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Virtual reality (VR) headsets are currently experiencing unprecedented success. However, the market is currently dominated by a few brands. In purely PCVR headsets therefore requiring to be connected to a PC, Valve, owner of the Steam platform for 3D and VR games, has created its own Valve Index headset; HTC offers its Vive range; and HPHP has recently released the Reverb G2. Facing these three giants, we have the Oculus Quest 2 that we have already tested. Today we are going to take a closer look at the Vive Cosmos and the Vive Cosmos Elite from HTC, a headset that works thanks to Steam VR on the PC.
Click here to buy the Vive Cosmos Elite Headset
Vive Cosmos or Vive Cosmos Elite?
We have the chance to test the Vive Cosmos and the Vive Cosmos Elite at the same time. In reality, it is the same helmet, only the faceplate (and the colorcolor of the shell) changes. This makes it possible to associate base stations with it for more precision in monitoring. Otherwise, it remains completely identical, with the same screen, the same lenses and the same audio system.
So our test begins with the Vive Cosmos. The box contains the headset itself, two controllers, a five-meter cable and a connection box with its mains, USB and DisplayPort cables. For the installation, HTC has printed in large the address to download the softwareinstallation software inside the box. Start here before wondering what all these cables are for. The installation software will guide you step by step through the connections and download the necessary software to use the headset with Steam VR.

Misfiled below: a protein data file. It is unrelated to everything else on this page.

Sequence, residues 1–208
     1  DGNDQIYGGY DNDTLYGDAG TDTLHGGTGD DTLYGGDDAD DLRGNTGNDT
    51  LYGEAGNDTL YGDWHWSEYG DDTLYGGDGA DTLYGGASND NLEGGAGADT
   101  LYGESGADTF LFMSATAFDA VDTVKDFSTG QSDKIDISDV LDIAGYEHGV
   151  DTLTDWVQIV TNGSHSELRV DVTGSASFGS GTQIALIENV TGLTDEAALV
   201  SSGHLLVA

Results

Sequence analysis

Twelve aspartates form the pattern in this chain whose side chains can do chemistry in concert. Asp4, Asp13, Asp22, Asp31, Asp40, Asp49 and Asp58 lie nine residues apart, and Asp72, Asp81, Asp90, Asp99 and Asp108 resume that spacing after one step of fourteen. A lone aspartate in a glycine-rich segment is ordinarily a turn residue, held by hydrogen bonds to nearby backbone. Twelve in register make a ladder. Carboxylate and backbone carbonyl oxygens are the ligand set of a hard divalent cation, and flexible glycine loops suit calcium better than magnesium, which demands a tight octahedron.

A headband that does not suit all body types
The headset uses a “halo” headband like the PlayStation VR headset. Rather than connecting to the headset on the sides, it connects on top. This choice is generally highly appreciated by users. However, it does not seem to be adapted to certain morphologies. It is impossible to keep it in place, it slides non-stop, even scrupulously following the video published by HTC. Given the popularity of this kind of headband, this problem must be quite rare.
Note, however, that the choice of this headband makes the headset incompatible with the HTC Delux Audio Strap headband. Despite everything, it offers the advantage of being able to rotate the visor. It is no longer necessary to take off the helmet to see the outside world since it stands up.
HTC explains how to place HTC Vive Cosmos on the head. © HTC
The Vive Cosmos displays a definition of 1,440 x 1,700 pixels per eye, which is a little less than the OculusOculus Quest 2 (1,832 x 1,920 pixels per eye) but a little more than the Valve Index (1,440 × 1,600 pixels). It offers a refresh rate of 90 hertzhertz and a field of view of 110 degrees. The good news is an almost absence of the “god rays”, these luminous halo around light objects on a dark background which are very present for example in the Oculus Quest 2. However, the “grid” effect, where the spacing between the pixels is visible, is a little more present than on the Quest 2, but you get used to it quickly and it is much less pronounced than on older headsets.
One of the highlights is a very fine adjustment of the interpupillary distance (IPD). HTC does not indicate the minimum and maximum values but, in our test, we were able to go down to 62 millimeters (or even 61.80 by slightly forcing) and go up to 74 millimeters with a graduation at 0.1 millimeters. This is incomparable with, for example, the Oculus Quest 2 which only offers three settings: 58, 63 and 68 mm. People with a small IPD might encounter some problems but this headset will be much more comfortable for people with an IPD of 70 mm or more.